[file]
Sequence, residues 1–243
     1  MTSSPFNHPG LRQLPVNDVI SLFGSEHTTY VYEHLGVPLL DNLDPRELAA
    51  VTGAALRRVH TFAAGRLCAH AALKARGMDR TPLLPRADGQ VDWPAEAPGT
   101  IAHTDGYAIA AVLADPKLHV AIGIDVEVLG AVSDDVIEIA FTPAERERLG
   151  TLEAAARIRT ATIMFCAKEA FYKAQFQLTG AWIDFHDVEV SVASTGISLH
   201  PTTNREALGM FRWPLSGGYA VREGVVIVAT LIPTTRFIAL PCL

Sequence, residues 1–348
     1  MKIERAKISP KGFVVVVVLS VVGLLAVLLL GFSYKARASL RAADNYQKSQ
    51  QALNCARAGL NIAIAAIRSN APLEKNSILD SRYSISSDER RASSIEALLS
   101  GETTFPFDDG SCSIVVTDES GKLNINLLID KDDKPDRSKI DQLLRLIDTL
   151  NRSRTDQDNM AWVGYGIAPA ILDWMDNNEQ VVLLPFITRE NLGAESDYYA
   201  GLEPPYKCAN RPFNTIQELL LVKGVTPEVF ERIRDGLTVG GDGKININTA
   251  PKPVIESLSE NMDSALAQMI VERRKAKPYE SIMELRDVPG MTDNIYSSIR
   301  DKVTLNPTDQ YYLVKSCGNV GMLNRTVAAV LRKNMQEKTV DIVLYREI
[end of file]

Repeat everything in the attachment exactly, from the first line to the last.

Sequence, residues 1–243
     1  MTSSPFNHPG LRQLPVNDVI SLFGSEHTTY VYEHLGVPLL DNLDPRELAA
    51  VTGAALRRVH TFAAGRLCAH AALKARGMDR TPLLPRADGQ VDWPAEAPGT
   101  IAHTDGYAIA AVLADPKLHV AIGIDVEVLG AVSDDVIEIA FTPAERERLG
   151  TLEAAARIRT ATIMFCAKEA FYKAQFQLTG AWIDFHDVEV SVASTGISLH
   201  PTTNREALGM FRWPLSGGYA VREGVVIVAT LIPTTRFIAL PCL

Sequence, residues 1–348
     1  MKIERAKISP KGFVVVVVLS VVGLLAVLLL GFSYKARASL RAADNYQKSQ
    51  QALNCARAGL NIAIAAIRSN APLEKNSILD SRYSISSDER RASSIEALLS
   101  GETTFPFDDG SCSIVVTDES GKLNINLLID KDDKPDRSKI DQLLRLIDTL
   151  NRSRTDQDNM AWVGYGIAPA ILDWMDNNEQ VVLLPFITRE NLGAESDYYA
   201  GLEPPYKCAN RPFNTIQELL LVKGVTPEVF ERIRDGLTVG GDGKININTA
   251  PKPVIESLSE NMDSALAQMI VERRKAKPYE SIMELRDVPG MTDNIYSSIR
   301  DKVTLNPTDQ YYLVKSCGNV GMLNRTVAAV LRKNMQEKTV DIVLYREI